At the heart of Dickens’ festive classic is a powerful redemption story. No wonder it’s one of the most adapted works of fiction ever written

Christmas parties at Fezziwig’s; grumpy misers in dressing gowns; silent ghosts in graveyards. These images are propelled to the front of your mind from the moment the opening line of A Christmas Carol is read: “Marley was dead: to begin with.” Few novels have embedded themselves in the public consciousness as much as this Charles Dickens classic.

Its popularity is reflected in the sheer number of times it has been adapted. From the moment that cinema pioneers worked out how to do special effects, people were translating this festive ghost story into film. A 3.5-minute short from 1901 shows Scrooge interacting with phantom Marley using in-camera tricks such as double-exposure to create eerie images of see-through people. Not only is it the earliest film adaptation of A Christmas Carol, it’s possibly the shortest.

Since then, we’ve seen Scrooge played by Patrick Stewart, Bill Murray, Alastair Sim, Jim Carrey and Donald Duck. There have been versions by Looney Tunes, the Flintstones, Disney and, of course, the Muppets. New adaptations continue to be released. This year, Green Wing star Stephen Mangan appears in a particularly enchanting stage adaptation at London’s Old Vic theatre. It has already won three Tony awards in America (becoming the first-ever Christmas-themed production to do so) and, if you’re lucky enough to bag a ticket, you will be treated to a choir of bells, snow drifting across the stalls and food tumbling down from the ceiling. But whether you make it to the theatre or not, the chances are that you will, at some point this December, encounter Dickens’ perennial Christmas classic.

xmas carol

Yet we take the story’s popularity for granted. Charles Dickens was not the only one writing Christmas ghost stories in the Victorian era. Walter Scott, Elizabeth Gaskell and Arthur Conan Doyle were just a few of the literary heavyweights who also wrote short stories with festive frights. But the enduring power of Dickens’ tale of redemption far outstrips anything else from the era. Few books have so shaped the modern Western understanding of Christmas, or remain so perennially beloved by people of every age. The question, of course, is: why?


Have you ever tried to read Bleak House? It’s a sprawling opus of 377,000 words with not much in the way of plot but a whole lot of (capital T) Themes. It’s immensely rewarding, if you have a penchant for Dickens and a lot of patience, but it’s hardly an inviting tale. A Christmas Carol, by contrast, is a spry 31,000-word novella that barrels through the plot at a breakneck pace, fitting in four ghosts, time travel and a cooked goose in the space of a single David Copperfield chapter. That very brevity and simplicity is part of its appeal.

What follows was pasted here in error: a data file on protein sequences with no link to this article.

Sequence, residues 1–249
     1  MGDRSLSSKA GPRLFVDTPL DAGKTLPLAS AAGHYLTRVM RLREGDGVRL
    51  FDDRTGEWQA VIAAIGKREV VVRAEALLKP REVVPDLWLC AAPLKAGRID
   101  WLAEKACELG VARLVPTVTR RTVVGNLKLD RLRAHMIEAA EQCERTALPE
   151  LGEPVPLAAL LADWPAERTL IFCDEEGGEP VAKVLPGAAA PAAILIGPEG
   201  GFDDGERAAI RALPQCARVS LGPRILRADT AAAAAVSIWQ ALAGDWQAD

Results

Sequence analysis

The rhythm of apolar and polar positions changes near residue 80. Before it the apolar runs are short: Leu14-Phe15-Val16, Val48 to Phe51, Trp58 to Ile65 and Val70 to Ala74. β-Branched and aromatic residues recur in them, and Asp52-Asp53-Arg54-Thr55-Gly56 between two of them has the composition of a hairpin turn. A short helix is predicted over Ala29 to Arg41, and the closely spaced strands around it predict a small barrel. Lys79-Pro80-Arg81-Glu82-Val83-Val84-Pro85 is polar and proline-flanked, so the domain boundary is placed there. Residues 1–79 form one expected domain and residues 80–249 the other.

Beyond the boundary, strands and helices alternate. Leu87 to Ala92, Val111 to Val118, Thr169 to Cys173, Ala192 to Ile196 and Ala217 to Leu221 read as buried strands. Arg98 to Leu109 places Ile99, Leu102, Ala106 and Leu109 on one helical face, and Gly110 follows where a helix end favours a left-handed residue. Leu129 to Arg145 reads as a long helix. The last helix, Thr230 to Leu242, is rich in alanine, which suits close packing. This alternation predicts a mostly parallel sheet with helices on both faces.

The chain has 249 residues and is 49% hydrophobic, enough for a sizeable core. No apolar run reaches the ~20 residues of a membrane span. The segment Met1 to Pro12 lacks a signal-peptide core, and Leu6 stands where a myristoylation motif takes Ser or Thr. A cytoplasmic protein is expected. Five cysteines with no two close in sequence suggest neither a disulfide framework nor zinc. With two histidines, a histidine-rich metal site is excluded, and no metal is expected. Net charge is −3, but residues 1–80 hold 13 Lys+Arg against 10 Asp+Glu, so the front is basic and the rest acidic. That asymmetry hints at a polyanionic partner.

It’s also a perfectly structured story. Using past, present and future to examine Scrooge’s shortcomings creates a perfect three-act structure, more than 100 years before that concept was popularised in literary criticism. This narrative shape is an appetising hook on which to hang a tale. It’s also easy to insert existing characters into it, as with Mickey Mouse, or relocate it to a different era, as with Bill Murray’s Scrooged. The simplicity is the key, with the basic elements of greed-to-ghosts to-goose open to evolution and interpretation in any number of ways.

Adding to the pure literary appeal is Dickens’ knack for creating instantly memorable characters. Just reading the name Ebenezer Scrooge evokes his grasping, harsh, miserly personality, while the descriptions of him further add to the image of this iconic, pecunious figure. This is a man who doesn’t like candles because “darkness was cheap, and Scrooge liked it”. He wishes everyone who celebrates Christmas to be “boiled with his own pudding”. With an economy of prose that was unusual for Dickens, we are given a full and compelling picture of this now legendary grump.

This appealingly awful character forms the centre of the story, and he is one of the chief reasons that the novella has endured for as long as it has. In short, we still read A Christmas Carol today – and watch its countless adaptations – because it’s terrifically good.


But Dickens’ timeless tale has also stuck around for so long because it’s so thematically resonant – perhaps even more so in 2021 than in 1843. One of the great driving themes of the story is that our actions on earth have eternal consequences. Ebenezer’s phantasmic wake-up call begins with Marley, his old business partner, who beats him to the grave. Marley provides for Scrooge what the rich man in Hades is denied in the parable in Luke 16:19-31. In Jesus’ story, the wealthy man who neglected the poor wants to go back and warn his family that their actions have eternal consequences, but is told that they have been adequately warned. Scrooge, however, is given that warning – the chains that are dragging Marley down are the avarice and cruelty he displayed when he was alive.


Christmas is a season with eternity on its mind anyway, when we celebrate stars aligning – literally – to mark the moment when the immortal took on flesh. It’s when the timeless enters time to change the course of history. Christmas is also the season when you get the most non-Christians piling into church buildings to sing songs about “th’incarnate deity”. More than any other time of year, people reflect on something bigger than their own lives and contemplate a cosmic, miraculous tale of the divine on earth.